In The Number Ones, I’m reviewing every single #1 single in the history of the Billboard Hot 100, starting with the chart’s beginning, in 1958, and working my way up into the present.
Help!, the Beatles’ second movie, was originally supposed to be called Eight Arms To Hold You. The movie’s title was changed at the last minute, and so John Lennon had to write a song with that as the title, just has he’d done a year earlier with A Hard Day’s Night. The movie Help!, a silly spy-comedy romp, basically served as the template for the Beatles-takeoff sitcom The Monkees. And so, associating the song with the movie, I’ve always thought of “Help!” as a vaguely happy song. It’s not, of course. Duh.
Years after writing “Help!,” John Lennon said that the song was essentially his version of a public freakout. The Beatles had gotten too big, too fast, and he didn’t know how to handle himself. “I was fat and depressed and I was crying out for help,” he told Playboy. At only 25, he was already nostalgic about being “younger, so much younger than today.” And when he hits the falsetto on the chorus, he really does sound, just for a second, desperate.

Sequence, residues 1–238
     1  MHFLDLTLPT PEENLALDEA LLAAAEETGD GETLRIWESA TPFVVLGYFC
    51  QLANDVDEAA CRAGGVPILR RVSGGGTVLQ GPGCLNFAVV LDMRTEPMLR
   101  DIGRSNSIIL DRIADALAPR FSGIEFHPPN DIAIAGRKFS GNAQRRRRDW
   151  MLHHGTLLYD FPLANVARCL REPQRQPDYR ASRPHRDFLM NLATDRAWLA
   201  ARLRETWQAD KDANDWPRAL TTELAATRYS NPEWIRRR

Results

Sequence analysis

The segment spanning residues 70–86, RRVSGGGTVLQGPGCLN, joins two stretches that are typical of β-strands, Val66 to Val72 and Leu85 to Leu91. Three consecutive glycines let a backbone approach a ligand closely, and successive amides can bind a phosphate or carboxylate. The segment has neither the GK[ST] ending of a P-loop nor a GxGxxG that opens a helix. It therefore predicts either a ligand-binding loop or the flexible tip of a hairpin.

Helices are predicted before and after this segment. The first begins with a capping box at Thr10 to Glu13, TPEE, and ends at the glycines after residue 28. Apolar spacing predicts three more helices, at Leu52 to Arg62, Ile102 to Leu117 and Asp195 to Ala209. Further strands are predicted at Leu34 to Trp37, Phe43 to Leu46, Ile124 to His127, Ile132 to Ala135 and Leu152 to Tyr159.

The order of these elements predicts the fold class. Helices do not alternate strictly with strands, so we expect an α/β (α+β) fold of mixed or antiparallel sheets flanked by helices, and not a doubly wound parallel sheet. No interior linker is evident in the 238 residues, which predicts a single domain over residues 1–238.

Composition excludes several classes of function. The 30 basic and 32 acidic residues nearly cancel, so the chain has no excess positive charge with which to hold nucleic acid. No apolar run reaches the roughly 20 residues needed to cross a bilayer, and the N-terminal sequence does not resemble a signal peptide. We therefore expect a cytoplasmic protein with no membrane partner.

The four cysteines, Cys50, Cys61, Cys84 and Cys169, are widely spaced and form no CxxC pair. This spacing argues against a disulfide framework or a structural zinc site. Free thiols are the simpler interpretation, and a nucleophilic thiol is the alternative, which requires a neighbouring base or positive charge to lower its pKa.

Lennon, who wrote most of the song, intended it to be a ballad. Squint your ears, and you can hear the lament he had in mind. Instead, he and the band knocked it out in a brisk two minutes and change, which is probably a big part of the reason the song hit #1. (“Help!” is the song that blocked Bob Dylan’s thrice-longer freakout and #2 hit “Like A Rolling Stone” from getting to #1, so the Beatles’ choice paid off.) But in its trebly rush, “Help!” loses some of the gravitas that Lennon had in mind. If you’re not listening closely, it can come off as a joyous bleat, its lyrics pure insincere fun.
But if there’s a disconnect between Lennon’s lyrics and the hooky brightness of the music, that hooky brightness is still something worth celebrating. On “Help!,” the Beatles were playing with ferocity, and yet the song is full of cool little tricks: the buried-in-the-mix acoustic jangle of the bridge, the twangly descending 12-string riff, the slick layers of harmony. Who knows, maybe those harmonies are the moment the Beatles first started trying to beat the Beach Boys at their own game. More would follow.
BONUS BEATS: Here’s the Damned’s even-faster cover of “Help!,” from the B-side of their vastly important 1976 single “New Rose”:
BONUS BONUS BEATS: Here’s Lil Wayne rapping over a “Help!” sample on his 2007 mixtape track “Help”: